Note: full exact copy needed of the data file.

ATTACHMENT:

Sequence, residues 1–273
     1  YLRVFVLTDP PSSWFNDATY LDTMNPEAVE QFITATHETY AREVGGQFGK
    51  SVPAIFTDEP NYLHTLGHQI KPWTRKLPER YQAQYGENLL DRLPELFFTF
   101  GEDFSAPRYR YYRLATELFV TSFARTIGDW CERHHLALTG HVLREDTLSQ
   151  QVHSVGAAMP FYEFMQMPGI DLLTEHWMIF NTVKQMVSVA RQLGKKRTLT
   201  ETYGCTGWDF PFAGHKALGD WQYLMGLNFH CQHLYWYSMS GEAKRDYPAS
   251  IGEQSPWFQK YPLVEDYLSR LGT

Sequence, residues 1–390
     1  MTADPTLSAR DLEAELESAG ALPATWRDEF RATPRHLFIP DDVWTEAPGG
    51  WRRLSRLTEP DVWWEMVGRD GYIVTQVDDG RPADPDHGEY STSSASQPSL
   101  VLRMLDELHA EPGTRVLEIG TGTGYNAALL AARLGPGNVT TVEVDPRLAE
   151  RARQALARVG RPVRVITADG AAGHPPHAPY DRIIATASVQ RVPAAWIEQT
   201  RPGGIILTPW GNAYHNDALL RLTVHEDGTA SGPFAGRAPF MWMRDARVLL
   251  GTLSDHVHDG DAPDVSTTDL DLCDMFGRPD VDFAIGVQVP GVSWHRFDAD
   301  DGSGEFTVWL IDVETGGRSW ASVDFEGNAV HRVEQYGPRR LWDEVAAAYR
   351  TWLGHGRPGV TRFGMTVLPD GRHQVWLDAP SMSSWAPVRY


Sequence, residues 1–273
     1  YLRVFVLTDP PSSWFNDATY LDTMNPEAVE QFITATHETY AREVGGQFGK
    51  SVPAIFTDEP NYLHTLGHQI KPWTRKLPER YQAQYGENLL DRLPELFFTF
   101  GEDFSAPRYR YYRLATELFV TSFARTIGDW CERHHLALTG HVLREDTLSQ
   151  QVHSVGAAMP FYEFMQMPGI DLLTEHWMIF NTVKQMVSVA RQLGKKRTLT
   201  ETYGCTGWDF PFAGHKALGD WQYLMGLNFH CQHLYWYSMS GEAKRDYPAS
   251  IGEQSPWFQK YPLVEDYLSR LGT

Sequence, residues 1–390
     1  MTADPTLSAR DLEAELESAG ALPATWRDEF RATPRHLFIP DDVWTEAPGG
    51  WRRLSRLTEP DVWWEMVGRD GYIVTQVDDG RPADPDHGEY STSSASQPSL
   101  VLRMLDELHA EPGTRVLEIG TGTGYNAALL AARLGPGNVT TVEVDPRLAE
   151  RARQALARVG RPVRVITADG AAGHPPHAPY DRIIATASVQ RVPAAWIEQT
   201  RPGGIILTPW GNAYHNDALL RLTVHEDGTA SGPFAGRAPF MWMRDARVLL
   251  GTLSDHVHDG DAPDVSTTDL DLCDMFGRPD VDFAIGVQVP GVSWHRFDAD
   301  DGSGEFTVWL IDVETGGRSW ASVDFEGNAV HRVEQYGPRR LWDEVAAAYR
   351  TWLGHGRPGV TRFGMTVLPD GRHQVWLDAP SMSSWAPVRY